China’s electronics industry went from copying the West to being a global leader in innovation. One of the ways that this has happened is through the country’s unique system of manufacturing, dubbed “shanzhai.”
When China first entered the global high tech space it was known for copycatting the designs of other countries. In the early days the country’s manufacturers became notorious for Nokia and Motorola knock-offs, while later on Apple became the main source for replication. Although, as the country’s high tech manufacturers became better equipped and evolved higher capabilities, along with new markets with different needs opening up around the world, China’s high tech knock-off culture quickly transitioned to become a catalyst for innovative design and production — so much so that its vast grassroots manufacturing network is now out-competing with some of the world’s biggest brands in some markets.
The heart of China’s high tech manufacturing empire is divided into two parallel ventricles that compete with and feed off each other. One is that of more traditional manufacturers like Huawei and Lenovo, along with big international brands like Apple and Samsung who produce large amounts of their products in China. The other is a widespread, decentralized network of thousands of smaller factories and design houses who operate in an openly cooperative fashion that have been dubbed as “shanzhai.”
Shanzhai literally means “mountain stronghold,” as in the hideout of bandits. Its use was really thrown into the common usage by the 12th century legend of a noble band of Song Dynasty outlaws who lived on a mountain that sprung up from the marshes of Shandong Province. In contemporary slang, the word shanzhai began being used to mean “to copy” or “to parody,” and just prior to the Beijing Olympics in 2008 it was applied to knock-off goods. Perhaps as a combination of these two meanings, the term shanzhai is now used for China’s massive copycat industry and the unique network of design and manufacturing that sprouted from it.
“Shanzhai started as a copycat. Forget about the respect for intellectual property,” David Li, the co-founder of China’s first makerspace, XinCheJian, explained. “So if someone does one a design, more often than not if it is useful it is going to get copied.”
Shanzhai has evolved from its copycat roots into a complex ecosystem that very much resembles a Chinese take on open source hardware production. Shanzhai has its own code of ethics and its own culture, and the sharing of designs, know-how, and materials is at the heart of it. “The whole system is cooperative. . . meaning people want to share,” David Li explained.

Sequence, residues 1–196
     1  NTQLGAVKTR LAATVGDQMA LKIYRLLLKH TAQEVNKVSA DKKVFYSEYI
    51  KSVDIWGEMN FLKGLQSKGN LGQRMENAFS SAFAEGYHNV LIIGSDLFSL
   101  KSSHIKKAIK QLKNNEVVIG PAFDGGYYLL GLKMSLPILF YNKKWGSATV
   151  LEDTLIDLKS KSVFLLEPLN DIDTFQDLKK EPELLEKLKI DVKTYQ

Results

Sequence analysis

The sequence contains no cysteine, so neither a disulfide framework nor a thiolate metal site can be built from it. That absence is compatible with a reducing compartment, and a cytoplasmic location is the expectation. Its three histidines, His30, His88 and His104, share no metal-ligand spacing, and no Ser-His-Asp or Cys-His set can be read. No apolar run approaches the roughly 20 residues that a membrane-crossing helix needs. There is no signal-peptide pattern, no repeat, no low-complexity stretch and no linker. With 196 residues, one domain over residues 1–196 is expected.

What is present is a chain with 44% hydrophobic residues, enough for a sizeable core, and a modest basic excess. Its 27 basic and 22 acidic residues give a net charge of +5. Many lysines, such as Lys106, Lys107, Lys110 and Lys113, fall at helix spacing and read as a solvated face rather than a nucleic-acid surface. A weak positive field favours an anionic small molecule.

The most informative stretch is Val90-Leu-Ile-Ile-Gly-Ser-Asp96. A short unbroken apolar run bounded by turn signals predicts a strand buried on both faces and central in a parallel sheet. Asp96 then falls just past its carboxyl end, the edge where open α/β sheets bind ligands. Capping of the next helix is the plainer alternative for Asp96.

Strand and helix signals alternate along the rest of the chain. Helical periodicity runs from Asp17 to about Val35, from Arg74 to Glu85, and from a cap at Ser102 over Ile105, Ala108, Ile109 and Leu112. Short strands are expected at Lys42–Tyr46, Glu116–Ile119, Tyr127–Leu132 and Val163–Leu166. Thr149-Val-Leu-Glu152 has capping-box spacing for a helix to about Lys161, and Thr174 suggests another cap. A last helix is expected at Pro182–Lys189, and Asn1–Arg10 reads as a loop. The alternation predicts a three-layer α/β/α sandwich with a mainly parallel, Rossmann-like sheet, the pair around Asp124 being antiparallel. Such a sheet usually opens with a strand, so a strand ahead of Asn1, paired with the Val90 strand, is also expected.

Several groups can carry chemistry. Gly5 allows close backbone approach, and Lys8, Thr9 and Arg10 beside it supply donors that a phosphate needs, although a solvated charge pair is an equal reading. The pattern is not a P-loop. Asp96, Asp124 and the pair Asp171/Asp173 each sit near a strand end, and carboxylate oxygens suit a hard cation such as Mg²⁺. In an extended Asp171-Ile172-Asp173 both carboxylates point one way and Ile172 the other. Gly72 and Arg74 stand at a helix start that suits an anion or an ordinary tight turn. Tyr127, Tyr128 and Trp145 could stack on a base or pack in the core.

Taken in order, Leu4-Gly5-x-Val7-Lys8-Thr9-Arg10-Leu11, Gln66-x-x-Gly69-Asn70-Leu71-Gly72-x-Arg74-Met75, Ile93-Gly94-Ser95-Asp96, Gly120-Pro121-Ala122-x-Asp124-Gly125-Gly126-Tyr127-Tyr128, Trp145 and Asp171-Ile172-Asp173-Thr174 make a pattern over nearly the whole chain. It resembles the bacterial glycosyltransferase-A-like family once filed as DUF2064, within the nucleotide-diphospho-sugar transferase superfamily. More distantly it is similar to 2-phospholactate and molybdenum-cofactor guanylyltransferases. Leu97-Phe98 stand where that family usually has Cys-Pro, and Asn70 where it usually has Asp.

“So what I mean by open sharing is that what is a very common practice in that shanzhai ecosystem is what started out as sort of like a copying kind of mechanism and practice and culture rooted in Hong Kong based factories, family run industries around retail copying that morphed into an innovation ecosystem that is rooted in open sharing,” Silvia Lindtner, professor at the University of Michigan who has researched the shanzhai extensively, explained. “So people and these different entities would share, for example, the bill of materials. This list of materials that go into producing any type of device. They share schematics, often devices that had been produced, and reference boards.”
A demand opened up in emerging markets around the world for high-tech manufacturers who could produce products faster, better, and cheaper, and shanzhai, with it’s massive bottom-up cooperative design and manufacturing network, its flexibility to provide for smaller niches, and it’s lack of observance of the traditional rules of commerce, was able to step in and claim a huge share of the global hardware market.
The big break for shanzhai happened around 2003 or 2004 with the explosion in the global demand for cell phones. The industry leaders at that time were Nokia and Motorola, who were putting out feature phones in the $800 to thousand dollar range — well beyond the purchasing ability of most of the planet. A massive demand soon arose in massive regions like Africa, Latin America, Southeast Asia, India, and mainland China for cheaper phones. Due to their cooperative, low cost system of manufacturing China’s shanzhai were able to step into this space and drastically undercut the market, selling phones for under $100 retail. “If you look at what happened to Motorola and Nokia, they didn’t really get killed by Apple. . . they all got killed by shanzhai,” David Li claimed.